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Stockton 2003 tornado launches the Community Foundation of the Ozarks' efforts in disaster recovery

A sign of hope in Stockton after the 2003 tornado
Michele Skalicky/Brian Hammons
A sign of hope in Stockton after the 2003 tornado

In this segment of KSMU's series, Making a Difference, hear about CFO's work in helping communities recover from disaster.

The Community Foundation of the Ozarks is celebrating the 50th anniversary of its founding, and a lot has happened since a group of Springfield leaders brought the organization into existence in 1973.

Today, CFO, which has 53 affiliate organizations, administers about 3500 funds benefiting a wide variety of projects — from helping people who need orthodontic work to providing an opportunity for people to learn about the Holocaust. The CFO helps fund higher education through a variety of scholarships granted to high school students each year.

And in the early 2000s, the Community Foundation of the Ozarks found itself shifting focus to an area its founders hadn’t necessarily envisioned: Disaster recovery.

It was 2003, to be exact — one year after the Stockton CFO affiliate was created, and Brian Hammons with Hammons Products was its board president.

On May 4 of that year, multiple tornadoes touched down in southwest and central Missouri, devastating downtown Stockton and leaving three of its residents dead.

Brian Hammons stands in front of his business, Hammons Products in Stockton, MO
Michele Skalicky
Brian Hammons stands in front of his business, Hammons Products in Stockton, MO

Hammons, who is the president and CEO of Hammons Products in Stockton, saw a need to slow down and not rush into rebuilding the community.

"We had established a connection with the Community Foundation — with Gary Funk, the leader at that time, with some other folks, too," said Hammons. "And so, they were able to come and see what really has happened in Stockton, and they had a big heart for seeing what else they could to try and help, and so, they had some suggestions for what the foundation could do in creating funds for charitable contributions, for rebuilding, to help with our long term grant making fund even and maybe even a fund to help businesses with a revolving loan fund."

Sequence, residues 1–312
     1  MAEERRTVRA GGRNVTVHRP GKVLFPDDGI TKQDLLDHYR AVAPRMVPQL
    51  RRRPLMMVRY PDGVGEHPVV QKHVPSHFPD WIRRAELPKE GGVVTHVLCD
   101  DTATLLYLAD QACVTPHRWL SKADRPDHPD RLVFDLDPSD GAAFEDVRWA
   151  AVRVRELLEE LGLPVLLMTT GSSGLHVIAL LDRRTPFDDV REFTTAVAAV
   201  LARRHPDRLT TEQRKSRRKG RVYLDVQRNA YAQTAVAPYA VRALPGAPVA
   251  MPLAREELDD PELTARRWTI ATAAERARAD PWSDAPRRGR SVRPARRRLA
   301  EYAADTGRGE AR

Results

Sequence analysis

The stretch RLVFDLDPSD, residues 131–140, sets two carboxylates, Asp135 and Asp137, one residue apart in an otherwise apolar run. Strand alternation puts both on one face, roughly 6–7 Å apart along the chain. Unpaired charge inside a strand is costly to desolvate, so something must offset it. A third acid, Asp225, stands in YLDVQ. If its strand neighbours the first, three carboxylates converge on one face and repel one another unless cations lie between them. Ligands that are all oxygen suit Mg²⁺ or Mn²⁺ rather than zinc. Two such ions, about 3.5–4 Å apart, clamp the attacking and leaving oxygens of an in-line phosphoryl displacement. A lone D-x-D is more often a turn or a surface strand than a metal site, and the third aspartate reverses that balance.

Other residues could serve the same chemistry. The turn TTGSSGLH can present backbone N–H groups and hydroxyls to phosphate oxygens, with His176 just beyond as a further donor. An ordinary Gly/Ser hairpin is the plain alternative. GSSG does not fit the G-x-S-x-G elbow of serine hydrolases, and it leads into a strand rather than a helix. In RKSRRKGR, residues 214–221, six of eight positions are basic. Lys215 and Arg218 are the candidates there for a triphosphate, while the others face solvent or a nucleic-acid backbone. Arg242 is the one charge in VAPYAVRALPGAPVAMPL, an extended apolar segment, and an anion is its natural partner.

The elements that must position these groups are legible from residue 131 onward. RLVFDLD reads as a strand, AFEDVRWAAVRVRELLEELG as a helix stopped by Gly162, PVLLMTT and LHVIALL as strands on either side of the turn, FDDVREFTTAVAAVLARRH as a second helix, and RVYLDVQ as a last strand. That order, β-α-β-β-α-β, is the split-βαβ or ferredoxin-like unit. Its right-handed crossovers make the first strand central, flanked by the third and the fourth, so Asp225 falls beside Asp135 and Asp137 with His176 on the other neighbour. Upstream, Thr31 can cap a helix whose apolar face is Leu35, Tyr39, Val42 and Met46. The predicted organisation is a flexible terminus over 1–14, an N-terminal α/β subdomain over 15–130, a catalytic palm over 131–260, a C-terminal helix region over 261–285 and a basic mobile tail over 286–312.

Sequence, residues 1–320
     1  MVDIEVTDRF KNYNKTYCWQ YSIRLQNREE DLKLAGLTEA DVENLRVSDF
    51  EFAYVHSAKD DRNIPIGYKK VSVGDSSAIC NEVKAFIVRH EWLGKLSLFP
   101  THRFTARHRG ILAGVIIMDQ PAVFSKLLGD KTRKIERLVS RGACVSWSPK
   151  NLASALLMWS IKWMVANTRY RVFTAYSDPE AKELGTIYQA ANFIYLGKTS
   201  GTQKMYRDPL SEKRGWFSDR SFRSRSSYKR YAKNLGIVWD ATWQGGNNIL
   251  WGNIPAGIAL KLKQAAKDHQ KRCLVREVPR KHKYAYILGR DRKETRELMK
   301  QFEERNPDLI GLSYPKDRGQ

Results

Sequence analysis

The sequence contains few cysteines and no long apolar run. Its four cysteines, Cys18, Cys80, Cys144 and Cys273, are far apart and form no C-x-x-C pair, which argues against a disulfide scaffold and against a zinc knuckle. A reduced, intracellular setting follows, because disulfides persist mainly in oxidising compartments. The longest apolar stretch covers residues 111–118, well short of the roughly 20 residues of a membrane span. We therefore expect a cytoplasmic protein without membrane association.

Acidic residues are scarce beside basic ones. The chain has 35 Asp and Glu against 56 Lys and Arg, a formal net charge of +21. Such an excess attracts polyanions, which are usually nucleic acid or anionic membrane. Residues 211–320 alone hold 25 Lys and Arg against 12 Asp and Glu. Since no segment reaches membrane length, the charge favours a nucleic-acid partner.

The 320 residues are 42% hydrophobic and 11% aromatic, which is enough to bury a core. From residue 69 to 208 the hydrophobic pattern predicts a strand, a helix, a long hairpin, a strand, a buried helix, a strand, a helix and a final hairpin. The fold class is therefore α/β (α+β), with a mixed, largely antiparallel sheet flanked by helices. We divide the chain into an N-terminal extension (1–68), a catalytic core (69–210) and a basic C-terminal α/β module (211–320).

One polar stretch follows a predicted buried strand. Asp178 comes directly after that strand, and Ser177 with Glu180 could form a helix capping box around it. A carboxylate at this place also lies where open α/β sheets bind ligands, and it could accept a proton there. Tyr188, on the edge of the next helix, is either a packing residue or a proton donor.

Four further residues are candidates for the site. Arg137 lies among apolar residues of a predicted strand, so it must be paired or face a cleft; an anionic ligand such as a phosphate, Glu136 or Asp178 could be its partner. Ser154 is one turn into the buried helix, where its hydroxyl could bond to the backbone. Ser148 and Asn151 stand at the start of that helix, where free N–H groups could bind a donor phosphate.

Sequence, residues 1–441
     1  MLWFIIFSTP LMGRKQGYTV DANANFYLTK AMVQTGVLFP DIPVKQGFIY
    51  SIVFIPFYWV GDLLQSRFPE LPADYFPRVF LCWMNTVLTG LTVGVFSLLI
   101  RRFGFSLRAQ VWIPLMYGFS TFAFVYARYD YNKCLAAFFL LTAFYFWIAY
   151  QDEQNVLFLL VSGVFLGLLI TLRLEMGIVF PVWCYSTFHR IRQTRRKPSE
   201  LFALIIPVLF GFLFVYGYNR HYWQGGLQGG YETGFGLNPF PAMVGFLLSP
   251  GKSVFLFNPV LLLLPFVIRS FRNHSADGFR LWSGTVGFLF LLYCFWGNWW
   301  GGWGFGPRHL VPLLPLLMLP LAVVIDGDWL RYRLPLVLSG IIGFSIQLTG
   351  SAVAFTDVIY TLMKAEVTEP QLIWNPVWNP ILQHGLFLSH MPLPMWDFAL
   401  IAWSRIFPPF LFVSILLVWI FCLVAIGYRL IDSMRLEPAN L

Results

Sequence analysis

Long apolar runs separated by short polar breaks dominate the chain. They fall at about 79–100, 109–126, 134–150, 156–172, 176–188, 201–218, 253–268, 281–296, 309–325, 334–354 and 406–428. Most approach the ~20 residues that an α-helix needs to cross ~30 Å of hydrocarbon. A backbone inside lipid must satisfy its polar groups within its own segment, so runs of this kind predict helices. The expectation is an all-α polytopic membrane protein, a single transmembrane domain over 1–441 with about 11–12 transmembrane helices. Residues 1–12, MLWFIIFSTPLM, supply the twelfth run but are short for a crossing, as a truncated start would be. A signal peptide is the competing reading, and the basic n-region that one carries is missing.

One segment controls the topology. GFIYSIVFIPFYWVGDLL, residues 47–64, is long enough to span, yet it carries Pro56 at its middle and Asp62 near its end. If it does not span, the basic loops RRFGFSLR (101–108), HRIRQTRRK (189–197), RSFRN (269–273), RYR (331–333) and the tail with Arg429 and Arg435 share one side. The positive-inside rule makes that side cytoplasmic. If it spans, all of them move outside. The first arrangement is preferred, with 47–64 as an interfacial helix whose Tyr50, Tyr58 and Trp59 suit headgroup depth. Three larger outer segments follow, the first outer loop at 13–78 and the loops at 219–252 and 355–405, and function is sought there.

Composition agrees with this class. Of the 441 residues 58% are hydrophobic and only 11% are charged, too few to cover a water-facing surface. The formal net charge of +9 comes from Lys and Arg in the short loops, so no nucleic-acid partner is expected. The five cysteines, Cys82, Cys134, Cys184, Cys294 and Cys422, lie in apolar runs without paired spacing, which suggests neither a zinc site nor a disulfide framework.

The story goes that the effort began when Brian Hammons reached out to the current CFO Brian Fogle who was with Great Southern Bank at the time. Fogle headed to Stockton to see the impact the storm had inflicted on the lake community, and, after driving through the devastated area about a week after the tornado hit, he sat down with Hammons and Hammons’s father Dwain in their storm-damaged office and wrote out plans on napkins from a Springfield donut shop. Those plans included ways to meet both immediate needs as well as long term redevelopment needs.

Louise Whall Knauer who now works for the Community Foundation of the Ozarks was with the City of Springfield at the time of the 2003 tornado outbreak. Gary Funk was head of CFO then.

"Gary Funk reached out to myself and some other folks from outside of the (Community Foundation of the Ozarks), which was much smaller at that point to just try to bring our collective knowledge to go up to Stockton and help them through a community redevelopment process in that case," said Knauer. "We weren't really involved in disaster recovery, really, or grant making at that time. Every disaster kind of takes on its own response, but that was our first experience in helping, specifically, the downtown area of the community of Stockton, rebuild itself."

Some of the others involved in the Stockton redevelopment effort included Brian Fogle, who is now the CFO’s executive director but who was working for Great Southern Bank when the tornado hit and Fred May who was with the City of Springfield at the time.